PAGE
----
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JavaScript React Basics Understanding State Bind Event Handlers to Components

What does Component instance mean?

When you create a class component that extends from React.Component, any custom methods you create are not bound to the component by default. You need to bind your custom methods, so that this refers to the component instance. In this video, we'll go over the ways to bind the this context in React.

3 Answers

joelearner
joelearner
50,012 Points

Hi Ula,

This sounds like OOP(object oriented programming). The teacher is saying that React.Component is a class. You have the ability in OOP to create your own definitions without impacting the original class, which is called creating an instance of the class.

Here, the teacher is saying that he will create a component variable based on the original class. Does this make sense?

Cheers!

Ezra Siton
Ezra Siton
12,631 Points

React.Component is a "build-in" class (With methods, Properties). https://reactjs.org/docs/react-component.html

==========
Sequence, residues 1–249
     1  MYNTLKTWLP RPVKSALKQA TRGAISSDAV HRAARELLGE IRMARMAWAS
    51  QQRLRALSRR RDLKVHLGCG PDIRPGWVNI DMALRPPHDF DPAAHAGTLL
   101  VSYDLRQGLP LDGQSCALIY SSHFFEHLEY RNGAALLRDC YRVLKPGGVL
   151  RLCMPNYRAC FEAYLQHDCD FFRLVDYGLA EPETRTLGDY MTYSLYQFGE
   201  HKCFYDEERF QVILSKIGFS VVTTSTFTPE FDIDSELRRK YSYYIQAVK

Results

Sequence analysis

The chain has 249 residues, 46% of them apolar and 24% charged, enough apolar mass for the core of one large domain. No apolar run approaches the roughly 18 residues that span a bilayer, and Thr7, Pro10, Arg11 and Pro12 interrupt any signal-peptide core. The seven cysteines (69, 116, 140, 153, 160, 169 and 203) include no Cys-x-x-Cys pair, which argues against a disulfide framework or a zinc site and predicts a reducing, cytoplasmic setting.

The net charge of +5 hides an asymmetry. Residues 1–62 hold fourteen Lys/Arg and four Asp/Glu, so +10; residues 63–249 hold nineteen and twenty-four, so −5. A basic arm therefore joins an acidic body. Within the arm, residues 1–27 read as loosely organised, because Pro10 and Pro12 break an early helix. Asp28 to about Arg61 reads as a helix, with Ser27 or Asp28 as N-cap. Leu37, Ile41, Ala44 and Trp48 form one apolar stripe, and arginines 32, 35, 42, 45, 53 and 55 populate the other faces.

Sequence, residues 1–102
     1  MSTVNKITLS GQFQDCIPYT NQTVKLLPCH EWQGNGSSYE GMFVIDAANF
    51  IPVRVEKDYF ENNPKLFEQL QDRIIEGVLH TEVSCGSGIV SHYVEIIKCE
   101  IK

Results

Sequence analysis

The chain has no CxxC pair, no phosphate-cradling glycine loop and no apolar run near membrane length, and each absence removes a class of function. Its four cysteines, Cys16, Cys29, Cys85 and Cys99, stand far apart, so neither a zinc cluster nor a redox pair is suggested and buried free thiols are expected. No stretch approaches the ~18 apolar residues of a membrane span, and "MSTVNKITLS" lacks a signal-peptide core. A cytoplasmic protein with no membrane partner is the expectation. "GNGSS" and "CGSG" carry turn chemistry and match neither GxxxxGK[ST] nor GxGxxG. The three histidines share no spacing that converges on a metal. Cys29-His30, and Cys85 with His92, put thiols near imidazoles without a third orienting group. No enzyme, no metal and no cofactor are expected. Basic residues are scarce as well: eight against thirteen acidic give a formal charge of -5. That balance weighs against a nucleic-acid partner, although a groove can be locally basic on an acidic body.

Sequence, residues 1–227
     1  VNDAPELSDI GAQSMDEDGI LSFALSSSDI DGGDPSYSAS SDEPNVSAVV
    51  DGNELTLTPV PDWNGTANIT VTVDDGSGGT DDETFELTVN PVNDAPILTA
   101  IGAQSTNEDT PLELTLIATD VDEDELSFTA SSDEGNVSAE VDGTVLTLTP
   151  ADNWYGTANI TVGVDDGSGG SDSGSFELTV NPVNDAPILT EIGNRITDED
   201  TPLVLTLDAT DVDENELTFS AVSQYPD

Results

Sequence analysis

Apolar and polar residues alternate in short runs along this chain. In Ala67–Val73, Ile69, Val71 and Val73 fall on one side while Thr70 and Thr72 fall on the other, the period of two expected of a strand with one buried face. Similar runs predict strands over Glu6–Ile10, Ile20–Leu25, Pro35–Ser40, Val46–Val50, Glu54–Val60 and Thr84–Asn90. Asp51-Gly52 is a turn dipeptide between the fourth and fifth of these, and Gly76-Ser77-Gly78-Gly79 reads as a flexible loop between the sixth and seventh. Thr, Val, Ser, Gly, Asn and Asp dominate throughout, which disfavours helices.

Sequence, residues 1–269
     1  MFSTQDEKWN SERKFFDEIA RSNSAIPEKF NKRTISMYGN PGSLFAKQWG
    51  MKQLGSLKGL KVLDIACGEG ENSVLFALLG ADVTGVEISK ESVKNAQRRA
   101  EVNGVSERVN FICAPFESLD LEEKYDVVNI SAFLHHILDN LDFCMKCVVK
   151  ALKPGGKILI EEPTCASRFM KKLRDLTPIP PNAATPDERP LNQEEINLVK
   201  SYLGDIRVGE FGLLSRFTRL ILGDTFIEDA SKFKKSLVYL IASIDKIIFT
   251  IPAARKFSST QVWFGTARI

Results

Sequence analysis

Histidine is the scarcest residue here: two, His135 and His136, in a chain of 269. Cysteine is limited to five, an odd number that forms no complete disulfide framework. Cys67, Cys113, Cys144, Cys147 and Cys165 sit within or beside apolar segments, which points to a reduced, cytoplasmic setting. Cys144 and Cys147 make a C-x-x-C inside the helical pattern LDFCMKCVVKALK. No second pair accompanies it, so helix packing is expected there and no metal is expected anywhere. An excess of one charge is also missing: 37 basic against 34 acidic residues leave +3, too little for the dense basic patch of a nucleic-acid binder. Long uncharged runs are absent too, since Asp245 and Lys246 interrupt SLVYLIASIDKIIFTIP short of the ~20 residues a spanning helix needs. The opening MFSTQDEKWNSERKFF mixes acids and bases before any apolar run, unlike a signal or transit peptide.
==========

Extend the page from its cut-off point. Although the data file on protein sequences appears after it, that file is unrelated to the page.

For example one "build-in" method of React.Component is render().

In our code, we extend (==> Create child of another class) from React.Component. Like this, we can use render() or constructor() without creating this methods inside our class + Add our own methods (Like "incramentsScore").

https://developer.mozilla.org/en-US/docs/Web/JavaScript/Reference/Classes/extends

This is not so simple Concept (You should learn a little about OOP).

The most basic example: All birds class have a walk method (And properties like "name" of "weight").
Flying-birds extends "birds class" and add the "flying" method (Under `Flying-Birds" class you won't get an error if you run "walk" function =========> Same idea for the relationship between "Counter" class and "React.Component" class).

i think React.Component is a function constructor